Opinion

Casual use of mental health terms causes undue stigmatization

“Oh my God, my professor is bipolar,” the student next to me said. “One day he is in a good mood, the next day he is so moody. I can’t stand him.”

“The kid next to me is so OCD. Do you see how organized he keeps everything?” I overheard in class.

Appropriating mental health terms to describe everyday occurrences has become so commonplace, even on our campus, that we do not even realize we are doing it. This use is incorrect and harms those who suffer from these disorders.

When people describe someone as “bipolar” or “OCD,” they never mean it in a positive light. When someone is bipolar, the implication is that the individual is very moody. This is a complete misrepresentation of bipolar disorder.

Bipolar disorder causes individuals to quickly swing from periods of hyperactivity to periods of depression and, sometimes, suicidal thoughts, according to the American Psychological Association.

Likewise, obsessive-compulsive disorder (OCD) is a disorder characterized by uncontrollable feelings and rituals in which individuals must engage. For example, people with OCD might have to wash their hands many times a day.

Because casual use of these descriptors always has a negative connotation, there is a negative stigma associated with the disorders, often causing people who suffer from them to be ashamed of seeking help.

By making the diseases seem like something within their control, individuals are blamed for their own illnesses. However, like cancer or many other conditions, bipolar disorder is not the fault of the person who suffers from it.

I have a very close friend who has bipolar disorder, so I know from firsthand experience that her condition extends far beyond the moody stereotype.

Having a friend who is bipolar means not knowing whether they are going to be depressed or happy to see you. It means that you never know how to help them, or when they will be happy again because those periods of depression can last days, weeks, even months.

I am the last person who wishes to restrict someone’s free speech, but there is a difference between saying whatever you want and saying whatever you want because you refuse to acknowledge that mental health disorders are actual conditions. This is about respect.

Just as we do not mock people who have cancer, we should not mock those who need psychiatric help but are ashamed because of stigmatization. Instead, we should create a supportive environment and educate ourselves about the conditions. You never know if the person sitting next to you might, like so many, be suffering in silence.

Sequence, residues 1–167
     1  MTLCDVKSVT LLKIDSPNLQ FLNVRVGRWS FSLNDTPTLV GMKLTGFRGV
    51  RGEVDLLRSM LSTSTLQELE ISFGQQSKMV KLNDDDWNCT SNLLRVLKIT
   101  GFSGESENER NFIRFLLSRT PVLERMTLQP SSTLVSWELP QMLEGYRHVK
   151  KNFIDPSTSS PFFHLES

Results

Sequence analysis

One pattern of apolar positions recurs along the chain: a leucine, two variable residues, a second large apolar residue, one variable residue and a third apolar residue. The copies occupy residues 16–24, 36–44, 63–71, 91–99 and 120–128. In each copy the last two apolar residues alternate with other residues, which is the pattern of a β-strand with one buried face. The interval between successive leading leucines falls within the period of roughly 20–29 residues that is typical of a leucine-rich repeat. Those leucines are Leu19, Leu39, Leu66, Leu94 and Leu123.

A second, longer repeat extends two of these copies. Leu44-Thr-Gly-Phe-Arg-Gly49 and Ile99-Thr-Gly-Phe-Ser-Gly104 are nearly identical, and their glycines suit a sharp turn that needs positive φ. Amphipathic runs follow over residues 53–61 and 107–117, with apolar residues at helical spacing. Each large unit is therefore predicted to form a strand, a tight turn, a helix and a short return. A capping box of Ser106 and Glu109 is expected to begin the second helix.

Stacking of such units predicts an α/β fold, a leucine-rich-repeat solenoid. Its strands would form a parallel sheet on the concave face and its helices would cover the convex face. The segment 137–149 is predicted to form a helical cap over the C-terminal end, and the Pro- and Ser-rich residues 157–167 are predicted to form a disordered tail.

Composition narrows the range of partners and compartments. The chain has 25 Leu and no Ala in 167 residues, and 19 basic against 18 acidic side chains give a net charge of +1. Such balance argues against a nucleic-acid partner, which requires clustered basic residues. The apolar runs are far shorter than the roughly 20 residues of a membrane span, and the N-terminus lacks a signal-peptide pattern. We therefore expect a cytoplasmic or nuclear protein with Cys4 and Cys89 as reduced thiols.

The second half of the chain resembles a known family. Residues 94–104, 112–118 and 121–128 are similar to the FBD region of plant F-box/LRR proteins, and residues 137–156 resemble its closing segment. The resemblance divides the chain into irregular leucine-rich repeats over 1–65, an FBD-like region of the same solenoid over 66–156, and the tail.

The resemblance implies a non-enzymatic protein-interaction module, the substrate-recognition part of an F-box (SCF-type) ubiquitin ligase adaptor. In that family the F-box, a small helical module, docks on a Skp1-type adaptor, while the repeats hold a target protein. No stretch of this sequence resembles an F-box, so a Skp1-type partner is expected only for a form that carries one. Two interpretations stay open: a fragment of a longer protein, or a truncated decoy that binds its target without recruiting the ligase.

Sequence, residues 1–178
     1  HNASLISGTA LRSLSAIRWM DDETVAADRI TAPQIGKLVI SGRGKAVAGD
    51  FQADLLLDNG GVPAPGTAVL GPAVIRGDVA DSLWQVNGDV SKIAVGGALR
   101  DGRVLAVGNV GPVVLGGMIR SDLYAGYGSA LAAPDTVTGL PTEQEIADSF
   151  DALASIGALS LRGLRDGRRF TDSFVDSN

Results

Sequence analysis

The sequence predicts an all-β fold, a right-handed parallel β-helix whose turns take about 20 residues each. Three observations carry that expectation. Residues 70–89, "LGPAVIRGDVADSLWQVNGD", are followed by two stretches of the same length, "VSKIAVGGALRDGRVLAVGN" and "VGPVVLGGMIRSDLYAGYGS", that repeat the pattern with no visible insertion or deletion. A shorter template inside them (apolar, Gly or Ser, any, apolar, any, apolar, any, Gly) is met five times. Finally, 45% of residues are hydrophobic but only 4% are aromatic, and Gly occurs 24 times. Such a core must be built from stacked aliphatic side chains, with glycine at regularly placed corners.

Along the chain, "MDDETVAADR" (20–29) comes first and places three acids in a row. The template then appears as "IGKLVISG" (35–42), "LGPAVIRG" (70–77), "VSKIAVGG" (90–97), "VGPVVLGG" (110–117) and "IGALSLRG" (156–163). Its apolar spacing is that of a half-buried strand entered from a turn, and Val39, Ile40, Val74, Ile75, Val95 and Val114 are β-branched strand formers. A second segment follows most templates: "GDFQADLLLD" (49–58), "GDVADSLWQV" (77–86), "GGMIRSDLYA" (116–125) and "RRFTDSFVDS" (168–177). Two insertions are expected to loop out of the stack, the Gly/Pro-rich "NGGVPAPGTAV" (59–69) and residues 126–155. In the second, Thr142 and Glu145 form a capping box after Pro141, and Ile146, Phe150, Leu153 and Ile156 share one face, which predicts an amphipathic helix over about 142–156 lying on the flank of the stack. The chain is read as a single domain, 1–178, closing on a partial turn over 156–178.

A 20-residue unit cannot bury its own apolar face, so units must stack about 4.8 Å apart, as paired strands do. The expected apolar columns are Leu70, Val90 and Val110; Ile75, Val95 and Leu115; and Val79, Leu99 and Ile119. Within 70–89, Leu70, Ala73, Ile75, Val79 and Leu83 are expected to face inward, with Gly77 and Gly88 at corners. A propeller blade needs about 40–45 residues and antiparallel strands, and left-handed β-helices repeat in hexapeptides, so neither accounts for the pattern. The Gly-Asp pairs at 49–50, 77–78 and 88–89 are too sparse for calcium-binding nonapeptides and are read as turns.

Amanda Perez is a freshman majoring in psychology.

Featured image courtesy Pixabay user geralt

September 28, 2016

Reporters

Amanda Perez


Around the Web
  • Miami Herald
  • UM News
  • HurricaneSports

Former University of Miami star running back Mark Walton was arrested late Friday on a charge of mis ...

Friday was strange for Gino DiMare. It wasn’t because his whole family went out to the mound at Alex ...

One thing was obvious to Wayne Younger the first time he got his hands on Ladarius Tennison: The ath ...

Though it’s early, UM already has assembled an outstanding nine-member 2020 recruiting class, a grou ...

Three days before they open their season against the Rutgers Scarlet Knights, the Miami Hurricanes h ...

UM alumna Alina Mayo Azze, who has covered a myriad of topics during her 37-year career, has been a ...

Happiness and well-being scholar Tal Ben-Shahar is UM’s newest Distinguished Presidential Scholar. ...

The University of Miami will host the first symposium to explore LGBTQ human rights across the Ameri ...

UM experts react to a new ban that prohibits people in Key West from using certain types of sunscree ...

A matchmaker extraordinaire, Ricardo Cepeda, the manager of the UM Zebrafish Facility, is passionate ...

The University of Miami baseball team opened the Gino DiMare era with a record-setting victory over ...

The University of Miami women's swimming team put together 14 lifetime bests Saturday at its an ...

Game time is 6 p.m. in Chestnut Hill, Mass. ...

The No. 20 Miami women's basketball team will play its second top-five foe in a span of three g ...

Despite earning the doubles point, the No. 15 Miami women's tennis team dropped a 5-2 decision ...

TMH Twitter
About TMH

The Miami Hurricane is the student newspaper of the University of Miami in Coral Gables, Fla. The newspaper is edited and produced by undergraduate students at UM and is published weekly in print on Tuesdays during the regular academic year.